The Artists Next Door: Keeping It Local with Etsy | The Source Weekly - Bend, Oregon

The Artists Next Door: Keeping It Local with Etsy

The online marketplace gives readers the chance to understand the artists’ inspirations and peruse hundreds of portfolio pieces.

Human anatomy printed on vintage dictionary pages. Cast iron horses jockeyed by real beetles. Earrings made of artificial teeth. The online wonder of Etsy is clearly not for the aesthetic conservative.

It is, however, the first place to go to quickly find something specific, like a birdhouse made from wine corks and stones collected from local vineyards and rivers.

Shoppers torn between the efficiency of online shopping and keeping dollars close to home are now turning to this virtual bazaar showcasing $61.9 million in handmade and vintage treasures, more and more since its inception in June 2012.

And, as fast as it is to find what you are looking for, it’s even easier to connect to real life artists making a living on their Etsy clientele. The online marketplace gives readers the chance to understand the artists’ inspirations and peruse hundreds of portfolio pieces.

Additional benefits that trump traditional shopping include saving money on gas, scanning a greater geographic distance in a fraction of the time, and the priceless value of staying in one’s bathrobe while shopping.

There are just as many benefits for the artist, too. Most obviously, artists don’t have to pay for a brick and mortar shop. There’s also no website hosting, design or start-up fees. Ambitious artists can also hold creative forums, which allow users to pool information and help one another set up ideal Etsy “shops,” which are the pages of the site for individual artists. Technical benefits include an Etsy “teacher” who recommends assignments to improve sales, then grades the vendor on performance, and Online Labs that teach selling techniques.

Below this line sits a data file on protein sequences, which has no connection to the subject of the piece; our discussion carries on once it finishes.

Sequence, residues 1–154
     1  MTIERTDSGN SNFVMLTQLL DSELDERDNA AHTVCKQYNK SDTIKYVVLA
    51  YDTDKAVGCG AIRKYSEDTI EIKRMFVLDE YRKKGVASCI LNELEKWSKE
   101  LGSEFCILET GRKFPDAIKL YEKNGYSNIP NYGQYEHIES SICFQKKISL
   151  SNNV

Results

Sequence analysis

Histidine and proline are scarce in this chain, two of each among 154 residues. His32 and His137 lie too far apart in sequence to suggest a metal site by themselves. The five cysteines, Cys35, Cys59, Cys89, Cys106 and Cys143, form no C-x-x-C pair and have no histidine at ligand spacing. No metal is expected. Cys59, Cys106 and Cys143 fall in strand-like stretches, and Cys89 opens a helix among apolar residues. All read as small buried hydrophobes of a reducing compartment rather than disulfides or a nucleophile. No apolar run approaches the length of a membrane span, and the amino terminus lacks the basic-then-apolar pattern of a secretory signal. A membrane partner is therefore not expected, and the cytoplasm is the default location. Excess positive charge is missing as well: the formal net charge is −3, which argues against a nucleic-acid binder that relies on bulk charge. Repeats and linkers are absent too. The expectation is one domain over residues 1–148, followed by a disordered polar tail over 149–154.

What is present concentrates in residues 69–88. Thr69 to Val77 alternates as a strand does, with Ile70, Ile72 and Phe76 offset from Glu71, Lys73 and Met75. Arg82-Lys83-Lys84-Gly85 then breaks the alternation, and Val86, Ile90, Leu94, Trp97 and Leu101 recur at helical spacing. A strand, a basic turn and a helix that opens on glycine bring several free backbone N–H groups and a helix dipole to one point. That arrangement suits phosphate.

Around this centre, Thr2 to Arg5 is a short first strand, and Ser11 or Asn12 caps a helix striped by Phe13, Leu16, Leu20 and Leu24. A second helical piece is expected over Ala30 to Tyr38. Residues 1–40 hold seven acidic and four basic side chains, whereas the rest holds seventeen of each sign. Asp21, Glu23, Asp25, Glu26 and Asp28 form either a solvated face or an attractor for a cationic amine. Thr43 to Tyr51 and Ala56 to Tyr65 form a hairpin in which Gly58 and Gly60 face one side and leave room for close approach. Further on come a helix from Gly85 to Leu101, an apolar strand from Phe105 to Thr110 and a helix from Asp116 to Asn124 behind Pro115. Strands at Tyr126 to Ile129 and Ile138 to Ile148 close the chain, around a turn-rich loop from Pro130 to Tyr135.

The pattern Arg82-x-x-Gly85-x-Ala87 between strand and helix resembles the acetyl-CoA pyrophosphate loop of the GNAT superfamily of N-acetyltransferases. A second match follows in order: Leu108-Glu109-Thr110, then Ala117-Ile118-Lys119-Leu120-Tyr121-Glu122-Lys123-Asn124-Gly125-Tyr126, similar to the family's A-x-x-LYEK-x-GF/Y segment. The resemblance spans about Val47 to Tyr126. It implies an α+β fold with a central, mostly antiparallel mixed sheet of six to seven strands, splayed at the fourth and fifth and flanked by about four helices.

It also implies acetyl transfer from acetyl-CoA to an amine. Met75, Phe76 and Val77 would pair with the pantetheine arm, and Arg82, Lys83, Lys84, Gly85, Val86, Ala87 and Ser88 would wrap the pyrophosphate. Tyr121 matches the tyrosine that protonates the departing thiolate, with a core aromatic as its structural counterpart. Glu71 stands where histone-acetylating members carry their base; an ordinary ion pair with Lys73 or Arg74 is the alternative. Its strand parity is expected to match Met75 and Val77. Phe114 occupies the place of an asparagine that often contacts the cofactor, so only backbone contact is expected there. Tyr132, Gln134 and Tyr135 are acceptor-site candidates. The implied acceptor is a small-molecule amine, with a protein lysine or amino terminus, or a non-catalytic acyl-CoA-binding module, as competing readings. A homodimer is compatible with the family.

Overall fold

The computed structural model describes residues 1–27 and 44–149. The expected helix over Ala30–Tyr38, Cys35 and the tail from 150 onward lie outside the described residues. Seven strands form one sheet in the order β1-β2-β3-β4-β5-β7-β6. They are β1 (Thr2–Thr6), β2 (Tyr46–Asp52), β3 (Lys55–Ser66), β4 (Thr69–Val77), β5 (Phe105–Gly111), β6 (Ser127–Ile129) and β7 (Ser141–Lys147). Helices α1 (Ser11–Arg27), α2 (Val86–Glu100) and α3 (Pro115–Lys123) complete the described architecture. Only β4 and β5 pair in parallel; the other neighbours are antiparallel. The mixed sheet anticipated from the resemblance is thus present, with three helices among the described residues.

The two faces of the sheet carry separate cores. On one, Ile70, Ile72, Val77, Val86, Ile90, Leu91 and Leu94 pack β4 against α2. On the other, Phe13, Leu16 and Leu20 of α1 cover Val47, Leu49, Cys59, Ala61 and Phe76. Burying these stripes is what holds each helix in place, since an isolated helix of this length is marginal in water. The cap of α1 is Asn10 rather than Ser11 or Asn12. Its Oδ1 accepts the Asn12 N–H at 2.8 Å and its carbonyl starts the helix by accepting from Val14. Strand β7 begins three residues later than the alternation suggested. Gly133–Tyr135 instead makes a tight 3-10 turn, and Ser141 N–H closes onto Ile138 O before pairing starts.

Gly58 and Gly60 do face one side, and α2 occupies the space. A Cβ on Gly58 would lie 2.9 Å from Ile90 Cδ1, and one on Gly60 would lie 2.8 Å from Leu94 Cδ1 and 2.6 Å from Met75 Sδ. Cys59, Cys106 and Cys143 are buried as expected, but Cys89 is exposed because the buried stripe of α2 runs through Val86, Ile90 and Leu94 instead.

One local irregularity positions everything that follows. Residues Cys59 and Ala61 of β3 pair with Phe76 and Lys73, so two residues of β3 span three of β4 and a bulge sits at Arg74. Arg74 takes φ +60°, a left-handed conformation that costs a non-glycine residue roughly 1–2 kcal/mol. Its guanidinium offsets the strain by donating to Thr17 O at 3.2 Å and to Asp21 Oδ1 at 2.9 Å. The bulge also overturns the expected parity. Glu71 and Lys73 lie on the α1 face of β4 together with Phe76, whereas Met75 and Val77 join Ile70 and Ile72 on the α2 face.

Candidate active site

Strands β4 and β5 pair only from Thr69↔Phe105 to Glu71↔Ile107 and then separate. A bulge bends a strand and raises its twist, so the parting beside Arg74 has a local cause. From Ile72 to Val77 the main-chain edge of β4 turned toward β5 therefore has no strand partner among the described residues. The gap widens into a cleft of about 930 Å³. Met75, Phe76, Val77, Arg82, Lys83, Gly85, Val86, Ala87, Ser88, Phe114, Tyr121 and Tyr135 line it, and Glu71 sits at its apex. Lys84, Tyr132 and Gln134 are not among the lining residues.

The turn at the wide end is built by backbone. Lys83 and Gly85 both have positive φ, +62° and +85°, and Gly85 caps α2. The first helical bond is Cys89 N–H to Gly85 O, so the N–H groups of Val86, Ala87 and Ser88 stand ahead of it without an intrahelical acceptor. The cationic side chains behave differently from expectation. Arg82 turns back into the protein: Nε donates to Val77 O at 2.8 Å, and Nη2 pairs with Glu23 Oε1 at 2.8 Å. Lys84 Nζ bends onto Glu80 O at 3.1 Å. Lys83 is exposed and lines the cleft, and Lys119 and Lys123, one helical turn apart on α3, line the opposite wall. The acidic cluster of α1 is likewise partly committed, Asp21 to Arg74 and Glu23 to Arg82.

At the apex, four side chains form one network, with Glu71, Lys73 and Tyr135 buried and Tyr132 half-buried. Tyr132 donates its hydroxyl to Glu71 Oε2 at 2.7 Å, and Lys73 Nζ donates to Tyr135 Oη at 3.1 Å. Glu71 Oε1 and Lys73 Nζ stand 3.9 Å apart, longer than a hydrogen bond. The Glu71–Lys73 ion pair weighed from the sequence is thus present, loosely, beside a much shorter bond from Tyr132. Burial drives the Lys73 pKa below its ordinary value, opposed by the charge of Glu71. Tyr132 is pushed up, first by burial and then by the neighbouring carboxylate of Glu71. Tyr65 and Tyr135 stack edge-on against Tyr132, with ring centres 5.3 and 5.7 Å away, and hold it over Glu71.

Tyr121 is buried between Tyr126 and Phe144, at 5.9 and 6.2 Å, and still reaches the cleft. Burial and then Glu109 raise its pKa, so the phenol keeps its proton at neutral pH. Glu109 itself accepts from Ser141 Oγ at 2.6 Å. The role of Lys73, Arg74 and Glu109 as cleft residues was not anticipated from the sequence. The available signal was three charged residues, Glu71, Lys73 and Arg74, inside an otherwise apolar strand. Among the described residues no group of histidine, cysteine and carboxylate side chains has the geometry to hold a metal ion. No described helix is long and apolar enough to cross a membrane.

In short, the site is one of the best things to ever happen to artists and people who want to buy their work.

Getting Around the Site

If your perceived loss of human connection has you tsk-tsking over virtual shopping, read on.

• Etsy’s Community feature allows shoppers to quickly view the work of 114 registered artists in the Central Oregon area by typing “Bend” in the Teams search box and then sorting through the categories of handmade, vintage and supplies. This allows you to find exactly what you want and choose where your dollars go.

• The Discussions feature on Etsy allows viewers to participate in group banter on actual art events and learn about the process used for creating works.

• The Bio feature illuminates the impetus behind the creations.

• Vendors dialogue with shoppers, offering education, a history of their products and sometimes even information on what profits are used for.  The time it would take to gather this much behind-the-scenes information on multiple products while shopping in person is just not realistic for most people.

Central Oregonians on Etsy